With her experiences and influences widening, Carter and
The Other Half are immersing themselves in a variety of local
culture. Now fans of the likes of Finger 11, Dallas Green, Dear
Jane, I… and others, their musical scope is also expanding. The
band is solidifying and galvanizing their process and songwriting
with a more honest perspective.
“A lot of times with the polished stuff you’re not really
allowed to express how you truly feel,” reasons Ashton on the
songwriting process.
“They’re teaching me a lot,” smiles Carter. “How to really
bring my true emotions out through words because I’ve censored
myself in a lot of ways — coming from the lifestyle I was in, you
couldn’t say certain things.
“We went from a cookie cutter kind of outline of a pop star
to a real genuine feel, a genuine sound, a genuine band,”
underscores Porter.
So while opportunities have come about, some are definitely
better than others. Fans might remember her song Like Wow from
the Shrek movie soundtrack but that pop world has less and less
to do with this woman, and this band hoping to create important
music.
“I did that song when I was 12 or 13 and I’m 20 now,”
clarifies Carter. “This is a serious band with serious songs. We try
to write a song every day or every other day and about issues that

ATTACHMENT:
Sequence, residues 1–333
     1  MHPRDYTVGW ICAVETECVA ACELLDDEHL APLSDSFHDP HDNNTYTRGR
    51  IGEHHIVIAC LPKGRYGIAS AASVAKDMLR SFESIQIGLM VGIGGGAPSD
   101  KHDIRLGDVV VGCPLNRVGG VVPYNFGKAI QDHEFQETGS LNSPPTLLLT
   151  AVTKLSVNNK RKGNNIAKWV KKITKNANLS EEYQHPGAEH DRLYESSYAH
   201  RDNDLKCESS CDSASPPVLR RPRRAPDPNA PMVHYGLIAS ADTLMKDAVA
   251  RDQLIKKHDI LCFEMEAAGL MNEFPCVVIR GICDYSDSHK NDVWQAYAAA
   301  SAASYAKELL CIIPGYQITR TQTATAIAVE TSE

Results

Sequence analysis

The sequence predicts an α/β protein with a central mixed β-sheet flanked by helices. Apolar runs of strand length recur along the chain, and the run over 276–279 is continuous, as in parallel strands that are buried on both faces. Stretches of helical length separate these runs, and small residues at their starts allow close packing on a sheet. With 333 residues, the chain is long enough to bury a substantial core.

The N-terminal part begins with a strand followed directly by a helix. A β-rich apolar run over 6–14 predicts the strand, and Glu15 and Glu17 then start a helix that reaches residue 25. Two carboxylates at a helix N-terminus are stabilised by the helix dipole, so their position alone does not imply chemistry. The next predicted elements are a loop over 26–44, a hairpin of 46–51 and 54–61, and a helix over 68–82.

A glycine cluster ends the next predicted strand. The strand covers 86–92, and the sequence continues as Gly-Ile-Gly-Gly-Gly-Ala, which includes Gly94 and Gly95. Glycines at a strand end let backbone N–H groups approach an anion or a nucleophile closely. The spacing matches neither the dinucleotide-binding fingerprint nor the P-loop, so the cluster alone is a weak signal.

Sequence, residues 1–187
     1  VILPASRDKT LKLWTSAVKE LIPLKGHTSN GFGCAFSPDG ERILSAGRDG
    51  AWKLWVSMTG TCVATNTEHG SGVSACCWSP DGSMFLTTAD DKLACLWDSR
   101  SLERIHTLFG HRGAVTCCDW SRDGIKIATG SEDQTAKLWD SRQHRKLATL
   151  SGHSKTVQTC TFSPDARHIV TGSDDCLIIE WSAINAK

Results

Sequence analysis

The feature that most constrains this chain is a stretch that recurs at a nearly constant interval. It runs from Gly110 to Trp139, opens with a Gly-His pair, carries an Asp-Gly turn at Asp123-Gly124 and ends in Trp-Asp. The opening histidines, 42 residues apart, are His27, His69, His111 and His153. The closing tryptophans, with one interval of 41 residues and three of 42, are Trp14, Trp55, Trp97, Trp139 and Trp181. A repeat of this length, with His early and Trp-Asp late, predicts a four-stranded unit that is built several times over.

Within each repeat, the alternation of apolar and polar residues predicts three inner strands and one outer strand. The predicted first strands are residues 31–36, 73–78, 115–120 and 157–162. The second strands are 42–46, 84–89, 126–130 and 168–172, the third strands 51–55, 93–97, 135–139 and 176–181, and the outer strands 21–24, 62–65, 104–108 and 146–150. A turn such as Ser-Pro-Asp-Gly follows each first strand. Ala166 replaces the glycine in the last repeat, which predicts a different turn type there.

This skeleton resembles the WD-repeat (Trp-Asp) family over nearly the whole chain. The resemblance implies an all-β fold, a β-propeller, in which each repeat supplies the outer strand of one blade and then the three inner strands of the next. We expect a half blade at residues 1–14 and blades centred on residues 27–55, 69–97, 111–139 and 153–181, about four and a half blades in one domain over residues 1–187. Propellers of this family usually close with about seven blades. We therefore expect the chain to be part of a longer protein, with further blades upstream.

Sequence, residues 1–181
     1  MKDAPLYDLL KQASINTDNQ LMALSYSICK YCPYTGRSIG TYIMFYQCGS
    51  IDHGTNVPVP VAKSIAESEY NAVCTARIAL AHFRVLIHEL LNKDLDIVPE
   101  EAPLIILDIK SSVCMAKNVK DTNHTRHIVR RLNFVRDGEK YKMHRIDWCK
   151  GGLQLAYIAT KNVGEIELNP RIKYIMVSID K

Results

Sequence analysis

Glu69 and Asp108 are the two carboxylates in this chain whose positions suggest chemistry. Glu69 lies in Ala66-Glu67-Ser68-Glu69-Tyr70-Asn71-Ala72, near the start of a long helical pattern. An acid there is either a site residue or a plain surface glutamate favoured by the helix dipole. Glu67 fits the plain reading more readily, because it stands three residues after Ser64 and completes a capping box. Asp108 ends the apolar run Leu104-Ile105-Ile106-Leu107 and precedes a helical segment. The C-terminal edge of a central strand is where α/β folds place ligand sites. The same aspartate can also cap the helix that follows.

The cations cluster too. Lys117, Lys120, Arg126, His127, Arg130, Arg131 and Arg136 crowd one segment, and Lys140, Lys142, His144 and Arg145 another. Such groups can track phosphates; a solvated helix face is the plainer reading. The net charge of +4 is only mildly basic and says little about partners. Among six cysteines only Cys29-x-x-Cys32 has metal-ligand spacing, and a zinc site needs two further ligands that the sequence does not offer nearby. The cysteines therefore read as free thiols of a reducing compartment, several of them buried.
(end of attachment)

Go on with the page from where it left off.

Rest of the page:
I’d really like to talk about – things you don’t normally talk about
maybe. And I have a lot of anger built up inside.” “Yes, she does,” chimes in Ashton and Porter erupting into
laughter.
Carter’s darker side is somewhat tempered by her band
mates, underscoring their growth as friends and as a band. With
Hamilton based Rob Rapiti as their new manager, they’ve
sequestered themselves locally to record their debut at
Mastermind Studios.
So even though millions have seen the band on television
and hundreds becoming the legions of devotees at The Gown And
Gavel where members have been known to frequent — the band
offers an official introduction to their real lives and their very real
music with the debut Canadian performance of The Other Half
this weekend.
Fan clubs, industry and maybe even family — well, at least